Sampling Plans for the Psocids Liposcelis entomophila and Liposcelis decolor (Psocoptera: Liposcelididae) in Steel Bins Containing Wheat

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Abstract:

Psocids are an emerging problem in grain storage, handling, and processing facilities in the United States. We used data from two steel bins each containing 32.6 metric tonnes of wheat, Triticum aestivum L., to develop sampling plans for Liposcelis entomophila (Enderlein), Liposcelis decolor (Pearman) (both Psocoptera: Liposcelididae), and a mixture of the two species. Taylor’s coefficients a (a sampling factor) and b (an index of aggregation) for these pests were calculated and incorporated into sampling protocols to improve accuracy. The optimal binomial sample sizes for estimating populations of these psocids at densities of <25 psocids per refuge were large; therefore, we recommend the use of numerical sampling within this range of densities. Numerical sampling of L. entomophila and L. decolor at densities of <25 psocids per refuge should not be too laborious given the low psocid numbers involved; we recommend using 10 refuges per bin. For presence-absence sampling of L. entomophila or L. decolor, 20 refuges per bin should be used at densities of 25–100 psocids per refuge. The sampling plans we have developed based on the use of cardboard refuges are convenient for use in steel bins containing wheat because they are inexpensive, provide a rapid assessment of psocid population incidence, and are easy to implement. These sampling plans can be used to monitor populations of and the efficacy of management strategies used against L. entomophila and L. decolor.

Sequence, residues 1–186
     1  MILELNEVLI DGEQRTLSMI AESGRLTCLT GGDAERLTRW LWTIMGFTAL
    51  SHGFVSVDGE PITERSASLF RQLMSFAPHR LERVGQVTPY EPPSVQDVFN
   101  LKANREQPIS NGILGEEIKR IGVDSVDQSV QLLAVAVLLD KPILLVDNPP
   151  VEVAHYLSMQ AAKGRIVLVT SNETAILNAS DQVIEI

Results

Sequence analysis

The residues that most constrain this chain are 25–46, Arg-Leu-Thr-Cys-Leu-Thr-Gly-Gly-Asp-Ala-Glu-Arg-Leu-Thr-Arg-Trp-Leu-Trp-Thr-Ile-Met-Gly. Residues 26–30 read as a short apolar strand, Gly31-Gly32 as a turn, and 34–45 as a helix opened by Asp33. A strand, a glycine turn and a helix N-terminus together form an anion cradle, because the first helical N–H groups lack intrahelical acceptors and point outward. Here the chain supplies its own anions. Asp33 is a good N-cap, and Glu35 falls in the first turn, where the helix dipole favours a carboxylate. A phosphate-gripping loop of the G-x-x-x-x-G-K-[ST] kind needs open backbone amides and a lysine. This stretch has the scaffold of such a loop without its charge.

Keywords: booklice; cardboard refuges; grain storages; numerical sampling; presence-absence sampling

Document Type: Research Article

Publication date: August 1, 2009

More about this publication?
  • Journal of Economic Entomology is published bimonthly in February, April, June, August, October, and December. The journal publishes articles on the economic significance of insects and is divided into the following sections: apiculture & social insects; arthropods in relation to plant disease; forum; insecticide resistance and resistance management; ecotoxicology; biological and microbial control; ecology and behavior; sampling and biostatistics; household and structural insects; medical entomology; molecular entomology; veterinary entomology; forest entomology; horticultural entomology; field and forage crops, and small grains; stored-product; commodity treatment and quarantine entomology; and plant resistance. In addition to research papers, Journal of Economic Entomology publishes Letters to the Editor, interpretive articles in a Forum section, Short Communications, Rapid Communications, and Book Reviews.
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